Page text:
Prague, April 12 (CTK) – The Czech Republic should also use the official name Czechia and this shortened version should be added to the United Nations Geographical Names database that contains the official names of countries and cities in six languages, Foreign Minister Lubomir Zaoralek said yesterday.
Zaoralek told journalists that he believes Czech top constitutional officials would support the change at their meeting scheduled for Thursday.
Provided that the foreign minister, the defence minister, the prime minister, the president, and the heads of the two houses of parliament reach agreement on the shortened name in Arabic, Chinese, English, French, Russian and Spanish, the Czech Republic will ask the United Nations to add these names to the database.
“It is not good if a country does not have clearly defined symbols or if it even does not clearly say what its name is,” Zaoralek said.
He said it sometimes happened during his foreign trips that the name of his country was mangled.
Zaoralek said Czechs have been unable to tell the world that they use the shortened name Cesko for their country and that this name has only one correct translation according to them.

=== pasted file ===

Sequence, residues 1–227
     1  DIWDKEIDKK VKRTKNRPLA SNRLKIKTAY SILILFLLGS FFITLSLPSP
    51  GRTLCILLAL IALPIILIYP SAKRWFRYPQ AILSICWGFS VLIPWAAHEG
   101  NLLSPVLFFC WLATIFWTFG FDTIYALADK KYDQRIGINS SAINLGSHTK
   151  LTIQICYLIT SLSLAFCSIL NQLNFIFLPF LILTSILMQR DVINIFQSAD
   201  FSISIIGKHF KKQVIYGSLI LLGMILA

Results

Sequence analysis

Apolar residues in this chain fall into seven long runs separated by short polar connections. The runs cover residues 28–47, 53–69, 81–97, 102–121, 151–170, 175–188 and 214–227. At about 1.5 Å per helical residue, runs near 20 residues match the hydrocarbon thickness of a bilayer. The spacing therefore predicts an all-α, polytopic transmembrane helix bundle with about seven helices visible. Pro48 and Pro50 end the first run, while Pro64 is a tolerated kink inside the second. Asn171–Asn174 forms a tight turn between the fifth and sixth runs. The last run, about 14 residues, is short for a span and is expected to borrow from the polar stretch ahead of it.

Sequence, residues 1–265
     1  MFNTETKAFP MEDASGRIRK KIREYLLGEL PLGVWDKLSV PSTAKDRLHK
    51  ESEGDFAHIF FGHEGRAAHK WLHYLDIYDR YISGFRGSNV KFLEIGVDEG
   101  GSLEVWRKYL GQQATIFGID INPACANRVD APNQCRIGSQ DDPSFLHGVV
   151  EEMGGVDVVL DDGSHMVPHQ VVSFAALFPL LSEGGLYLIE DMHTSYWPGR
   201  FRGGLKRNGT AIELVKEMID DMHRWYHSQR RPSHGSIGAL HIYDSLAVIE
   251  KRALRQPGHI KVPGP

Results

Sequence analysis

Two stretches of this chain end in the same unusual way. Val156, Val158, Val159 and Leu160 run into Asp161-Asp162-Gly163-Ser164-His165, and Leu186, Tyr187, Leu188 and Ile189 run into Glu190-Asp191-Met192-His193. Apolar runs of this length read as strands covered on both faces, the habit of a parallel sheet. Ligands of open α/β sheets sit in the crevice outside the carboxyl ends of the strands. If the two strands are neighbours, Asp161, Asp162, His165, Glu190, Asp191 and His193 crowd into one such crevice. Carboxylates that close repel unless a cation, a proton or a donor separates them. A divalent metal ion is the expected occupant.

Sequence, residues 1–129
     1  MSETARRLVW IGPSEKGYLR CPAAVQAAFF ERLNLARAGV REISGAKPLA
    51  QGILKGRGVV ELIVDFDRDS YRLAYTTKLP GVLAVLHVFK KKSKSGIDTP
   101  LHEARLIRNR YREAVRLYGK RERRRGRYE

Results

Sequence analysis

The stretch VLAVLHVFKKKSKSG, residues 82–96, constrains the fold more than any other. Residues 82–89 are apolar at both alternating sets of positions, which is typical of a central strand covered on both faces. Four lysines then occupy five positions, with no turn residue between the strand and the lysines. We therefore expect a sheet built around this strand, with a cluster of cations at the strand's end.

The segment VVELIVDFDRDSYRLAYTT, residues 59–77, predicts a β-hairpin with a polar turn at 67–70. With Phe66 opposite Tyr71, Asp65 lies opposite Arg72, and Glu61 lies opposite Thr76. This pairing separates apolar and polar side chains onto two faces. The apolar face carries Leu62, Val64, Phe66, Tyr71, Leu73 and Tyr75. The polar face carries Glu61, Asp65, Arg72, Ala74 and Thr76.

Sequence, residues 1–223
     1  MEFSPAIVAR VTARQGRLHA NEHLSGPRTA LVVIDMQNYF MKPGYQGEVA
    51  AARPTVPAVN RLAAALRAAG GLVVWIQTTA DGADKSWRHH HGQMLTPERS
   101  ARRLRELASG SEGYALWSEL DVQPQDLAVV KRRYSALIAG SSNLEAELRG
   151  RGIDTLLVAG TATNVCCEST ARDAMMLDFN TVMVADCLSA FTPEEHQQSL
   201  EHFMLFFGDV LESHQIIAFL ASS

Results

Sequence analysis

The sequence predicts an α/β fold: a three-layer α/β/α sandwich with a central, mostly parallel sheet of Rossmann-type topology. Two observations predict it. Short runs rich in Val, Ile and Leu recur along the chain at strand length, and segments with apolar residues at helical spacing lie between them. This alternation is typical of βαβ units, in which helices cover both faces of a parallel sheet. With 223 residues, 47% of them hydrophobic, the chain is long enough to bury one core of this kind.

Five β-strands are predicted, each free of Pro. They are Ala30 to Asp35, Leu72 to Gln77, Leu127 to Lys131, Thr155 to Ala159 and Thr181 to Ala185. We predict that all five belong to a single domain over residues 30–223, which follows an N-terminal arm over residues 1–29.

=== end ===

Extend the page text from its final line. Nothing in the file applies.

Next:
He said the name “Czechia” unfortunately has not become widely popular, although there seems to be no other alternative. This name got into the English language via Latin, he said.
Some people use the adjective Czech instead, while others prefer the name Czechlands.
President Milos Zeman has already been using the English translation Czechia in his speeches. During his visit to Israel in 2013, he said Czechia was shorter and had a better sound than the unfriendly official name, the Czech Republic.
In other languages, such as Slovak, Italian and Spanish, the shortened name of the country is commonly used. The German equivalent is Tschechien, not Tschechei, which is sometimes viewed as pejorative.
Zaoralek said the benefits of adding the shortened name to the United Nations list would be seen at sports and other international events, it would help the promotion of the country and the labels of Czech products.